Graduate Program

College Student Affairs

Degree Name

Master of Science (MS)

Semester of Degree Completion


Thesis Director

Catherine L. Polydore

Thesis Committee Member

Mona Y. Davenport

Thesis Committee Member

Shawn D. Peoples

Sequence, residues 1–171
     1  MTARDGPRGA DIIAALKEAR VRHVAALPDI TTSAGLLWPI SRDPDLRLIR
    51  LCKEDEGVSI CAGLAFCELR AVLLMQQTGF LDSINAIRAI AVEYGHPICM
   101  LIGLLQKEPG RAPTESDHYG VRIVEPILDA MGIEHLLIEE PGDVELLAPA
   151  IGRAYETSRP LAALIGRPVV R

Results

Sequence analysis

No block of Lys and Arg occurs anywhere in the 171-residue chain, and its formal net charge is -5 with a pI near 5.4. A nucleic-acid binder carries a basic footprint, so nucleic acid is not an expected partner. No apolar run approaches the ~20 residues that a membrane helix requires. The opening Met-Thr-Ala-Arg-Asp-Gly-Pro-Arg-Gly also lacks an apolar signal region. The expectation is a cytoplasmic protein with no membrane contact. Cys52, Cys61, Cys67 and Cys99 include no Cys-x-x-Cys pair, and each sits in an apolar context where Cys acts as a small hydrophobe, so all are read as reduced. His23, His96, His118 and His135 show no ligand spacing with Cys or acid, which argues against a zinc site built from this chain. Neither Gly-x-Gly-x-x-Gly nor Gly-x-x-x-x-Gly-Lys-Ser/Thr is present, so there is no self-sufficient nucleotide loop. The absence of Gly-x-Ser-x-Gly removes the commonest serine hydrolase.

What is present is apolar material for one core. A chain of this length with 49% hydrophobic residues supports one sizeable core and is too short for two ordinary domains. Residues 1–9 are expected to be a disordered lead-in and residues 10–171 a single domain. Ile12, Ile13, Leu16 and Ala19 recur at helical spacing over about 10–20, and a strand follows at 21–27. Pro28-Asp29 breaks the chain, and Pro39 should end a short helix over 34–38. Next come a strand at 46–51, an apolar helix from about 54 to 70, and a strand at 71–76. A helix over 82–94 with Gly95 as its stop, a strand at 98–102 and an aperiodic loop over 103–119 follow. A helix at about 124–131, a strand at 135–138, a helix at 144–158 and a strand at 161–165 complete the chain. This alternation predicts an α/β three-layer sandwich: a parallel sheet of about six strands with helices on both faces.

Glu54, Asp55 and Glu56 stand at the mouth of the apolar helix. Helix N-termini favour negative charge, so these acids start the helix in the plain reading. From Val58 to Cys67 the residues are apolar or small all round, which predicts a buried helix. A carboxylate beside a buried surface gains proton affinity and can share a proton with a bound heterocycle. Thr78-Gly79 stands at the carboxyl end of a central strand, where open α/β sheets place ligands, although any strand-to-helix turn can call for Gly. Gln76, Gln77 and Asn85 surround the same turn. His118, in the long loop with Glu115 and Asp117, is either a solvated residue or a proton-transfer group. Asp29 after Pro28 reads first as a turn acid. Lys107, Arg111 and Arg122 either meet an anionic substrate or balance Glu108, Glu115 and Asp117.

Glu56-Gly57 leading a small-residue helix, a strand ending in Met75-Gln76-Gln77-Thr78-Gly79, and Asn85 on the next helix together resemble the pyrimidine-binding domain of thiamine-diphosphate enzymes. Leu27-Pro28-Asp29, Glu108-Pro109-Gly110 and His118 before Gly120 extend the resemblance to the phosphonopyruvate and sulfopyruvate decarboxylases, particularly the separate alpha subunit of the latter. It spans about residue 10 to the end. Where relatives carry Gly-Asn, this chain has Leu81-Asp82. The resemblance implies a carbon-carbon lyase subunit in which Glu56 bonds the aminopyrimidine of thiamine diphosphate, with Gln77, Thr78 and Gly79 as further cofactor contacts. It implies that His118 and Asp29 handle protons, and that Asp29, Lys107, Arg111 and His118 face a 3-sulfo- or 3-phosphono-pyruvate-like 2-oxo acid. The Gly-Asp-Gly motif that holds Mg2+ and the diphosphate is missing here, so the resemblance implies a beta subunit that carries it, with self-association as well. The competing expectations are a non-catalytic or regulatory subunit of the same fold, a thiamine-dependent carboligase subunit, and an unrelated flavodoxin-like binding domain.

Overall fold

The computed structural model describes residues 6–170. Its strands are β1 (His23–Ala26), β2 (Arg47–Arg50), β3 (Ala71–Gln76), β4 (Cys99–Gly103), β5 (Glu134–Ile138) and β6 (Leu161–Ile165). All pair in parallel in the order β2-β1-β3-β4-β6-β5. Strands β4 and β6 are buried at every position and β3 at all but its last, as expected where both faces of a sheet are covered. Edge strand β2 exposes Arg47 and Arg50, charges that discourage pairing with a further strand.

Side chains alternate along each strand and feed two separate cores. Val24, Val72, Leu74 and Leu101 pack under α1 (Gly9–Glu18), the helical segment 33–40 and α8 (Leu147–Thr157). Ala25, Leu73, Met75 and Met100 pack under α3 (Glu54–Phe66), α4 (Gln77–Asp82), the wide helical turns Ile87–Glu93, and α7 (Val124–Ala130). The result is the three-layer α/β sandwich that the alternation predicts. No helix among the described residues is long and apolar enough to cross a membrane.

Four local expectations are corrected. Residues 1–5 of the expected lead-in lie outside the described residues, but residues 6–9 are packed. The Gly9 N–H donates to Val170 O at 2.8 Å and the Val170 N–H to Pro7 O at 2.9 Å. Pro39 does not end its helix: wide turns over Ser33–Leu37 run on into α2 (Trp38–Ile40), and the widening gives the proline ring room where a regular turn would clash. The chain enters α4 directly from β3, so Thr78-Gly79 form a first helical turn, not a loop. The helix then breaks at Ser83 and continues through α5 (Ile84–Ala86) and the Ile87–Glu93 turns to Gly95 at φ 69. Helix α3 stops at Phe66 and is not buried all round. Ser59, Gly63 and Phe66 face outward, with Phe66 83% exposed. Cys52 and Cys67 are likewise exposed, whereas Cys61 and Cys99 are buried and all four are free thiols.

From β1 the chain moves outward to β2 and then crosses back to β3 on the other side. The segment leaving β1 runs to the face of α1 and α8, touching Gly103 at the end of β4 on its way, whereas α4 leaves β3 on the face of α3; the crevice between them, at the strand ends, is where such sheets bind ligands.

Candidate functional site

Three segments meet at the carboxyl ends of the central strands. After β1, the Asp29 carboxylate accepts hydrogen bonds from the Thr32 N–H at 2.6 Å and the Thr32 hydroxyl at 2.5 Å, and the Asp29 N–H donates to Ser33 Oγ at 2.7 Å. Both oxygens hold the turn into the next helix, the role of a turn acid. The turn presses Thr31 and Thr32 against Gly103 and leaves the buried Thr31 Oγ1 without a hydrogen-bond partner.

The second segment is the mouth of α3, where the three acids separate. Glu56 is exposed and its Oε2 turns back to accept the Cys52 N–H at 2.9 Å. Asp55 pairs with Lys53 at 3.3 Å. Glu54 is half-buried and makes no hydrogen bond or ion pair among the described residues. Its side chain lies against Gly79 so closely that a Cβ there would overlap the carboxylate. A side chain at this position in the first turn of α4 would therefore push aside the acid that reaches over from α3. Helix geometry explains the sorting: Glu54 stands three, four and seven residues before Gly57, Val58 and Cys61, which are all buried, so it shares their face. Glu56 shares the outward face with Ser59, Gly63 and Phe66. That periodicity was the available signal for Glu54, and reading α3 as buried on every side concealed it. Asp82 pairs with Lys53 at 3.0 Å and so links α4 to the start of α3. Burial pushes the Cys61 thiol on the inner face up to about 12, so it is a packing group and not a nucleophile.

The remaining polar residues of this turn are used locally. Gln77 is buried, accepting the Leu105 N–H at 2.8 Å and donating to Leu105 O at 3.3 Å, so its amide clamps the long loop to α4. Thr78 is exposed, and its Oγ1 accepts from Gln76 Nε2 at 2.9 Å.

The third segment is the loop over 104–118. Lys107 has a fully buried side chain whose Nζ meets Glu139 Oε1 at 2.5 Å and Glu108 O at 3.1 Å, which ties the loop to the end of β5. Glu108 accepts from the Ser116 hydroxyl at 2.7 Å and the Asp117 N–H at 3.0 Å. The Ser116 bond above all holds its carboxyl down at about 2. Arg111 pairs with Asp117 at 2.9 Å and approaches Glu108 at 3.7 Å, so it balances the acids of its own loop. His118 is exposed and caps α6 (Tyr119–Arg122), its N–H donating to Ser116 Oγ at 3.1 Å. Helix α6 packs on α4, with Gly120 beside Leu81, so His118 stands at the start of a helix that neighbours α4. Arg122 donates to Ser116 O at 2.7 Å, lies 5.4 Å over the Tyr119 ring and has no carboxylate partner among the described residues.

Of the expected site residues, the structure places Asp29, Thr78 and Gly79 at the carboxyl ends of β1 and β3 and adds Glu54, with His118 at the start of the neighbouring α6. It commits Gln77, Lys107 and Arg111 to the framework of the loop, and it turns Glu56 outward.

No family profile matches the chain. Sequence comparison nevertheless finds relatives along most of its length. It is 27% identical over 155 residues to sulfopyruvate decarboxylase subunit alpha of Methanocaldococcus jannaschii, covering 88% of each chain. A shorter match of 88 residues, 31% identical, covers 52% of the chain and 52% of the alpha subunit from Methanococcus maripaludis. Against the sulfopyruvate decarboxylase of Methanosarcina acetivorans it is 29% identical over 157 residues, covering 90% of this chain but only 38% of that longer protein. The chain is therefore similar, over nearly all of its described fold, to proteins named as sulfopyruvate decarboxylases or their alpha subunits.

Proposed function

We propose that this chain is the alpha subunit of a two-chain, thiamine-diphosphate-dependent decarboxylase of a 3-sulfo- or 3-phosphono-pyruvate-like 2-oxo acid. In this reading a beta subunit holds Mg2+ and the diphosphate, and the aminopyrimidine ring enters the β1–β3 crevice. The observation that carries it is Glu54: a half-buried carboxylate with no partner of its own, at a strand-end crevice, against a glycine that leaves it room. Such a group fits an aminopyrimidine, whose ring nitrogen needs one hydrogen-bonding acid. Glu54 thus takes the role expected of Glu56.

The study examined the educational, psychological, and social factors both favorable and unfavorable that impact Black students access to college. Participants consisted of a combination of undergraduate and graduate students from either a mid-size or large Midwestern institution of higher education. A qualitative approach was taken through focus groups to collect data. The findings reported students have feelings of preparedness and underpreparedness for college regarding educational factors; feelings of discrimination/racism, feelings of White counterparts being better prepared, feelings of competitive motivation to excel, and feelings of unpreparedness for ACT regarding psychological factors; and lastly regarding social factors participants reported feelings of lack of family support, feelings of family support, feelings of socioeconomic status influencing college access, and feelings of college preparatory influencing college preparedness. The study concluded that mentorship on how to navigate the college application process, college preparatory programs, and college preparation based curriculum in high school increases college access for Black students. The lack of these resources hindered students' preparedness and the cultural capital needed to matriculate through the higher education system.